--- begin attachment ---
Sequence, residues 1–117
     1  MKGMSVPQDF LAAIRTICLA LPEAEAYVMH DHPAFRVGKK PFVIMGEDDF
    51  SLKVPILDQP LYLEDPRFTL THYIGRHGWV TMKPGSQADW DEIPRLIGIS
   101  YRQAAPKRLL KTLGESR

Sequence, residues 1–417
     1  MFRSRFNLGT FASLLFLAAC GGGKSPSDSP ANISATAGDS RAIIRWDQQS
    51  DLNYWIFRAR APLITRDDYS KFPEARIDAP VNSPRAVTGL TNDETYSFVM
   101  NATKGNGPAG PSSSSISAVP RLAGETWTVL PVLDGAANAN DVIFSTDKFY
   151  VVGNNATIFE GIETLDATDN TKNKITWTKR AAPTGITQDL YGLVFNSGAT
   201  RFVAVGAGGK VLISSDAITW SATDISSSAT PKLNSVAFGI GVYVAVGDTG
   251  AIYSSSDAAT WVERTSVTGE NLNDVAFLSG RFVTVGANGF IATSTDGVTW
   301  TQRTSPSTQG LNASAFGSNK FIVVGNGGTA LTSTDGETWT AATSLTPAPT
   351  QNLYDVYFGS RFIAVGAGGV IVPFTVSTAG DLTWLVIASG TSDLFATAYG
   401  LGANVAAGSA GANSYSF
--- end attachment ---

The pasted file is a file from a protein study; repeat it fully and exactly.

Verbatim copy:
Sequence, residues 1–117
     1  MKGMSVPQDF LAAIRTICLA LPEAEAYVMH DHPAFRVGKK PFVIMGEDDF
    51  SLKVPILDQP LYLEDPRFTL THYIGRHGWV TMKPGSQADW DEIPRLIGIS
   101  YRQAAPKRLL KTLGESR

Sequence, residues 1–417
     1  MFRSRFNLGT FASLLFLAAC GGGKSPSDSP ANISATAGDS RAIIRWDQQS
    51  DLNYWIFRAR APLITRDDYS KFPEARIDAP VNSPRAVTGL TNDETYSFVM
   101  NATKGNGPAG PSSSSISAVP RLAGETWTVL PVLDGAANAN DVIFSTDKFY
   151  VVGNNATIFE GIETLDATDN TKNKITWTKR AAPTGITQDL YGLVFNSGAT
   201  RFVAVGAGGK VLISSDAITW SATDISSSAT PKLNSVAFGI GVYVAVGDTG
   251  AIYSSSDAAT WVERTSVTGE NLNDVAFLSG RFVTVGANGF IATSTDGVTW
   301  TQRTSPSTQG LNASAFGSNK FIVVGNGGTA LTSTDGETWT AATSLTPAPT
   351  QNLYDVYFGS RFIAVGAGGV IVPFTVSTAG DLTWLVIASG TSDLFATAYG
   401  LGANVAAGSA GANSYSF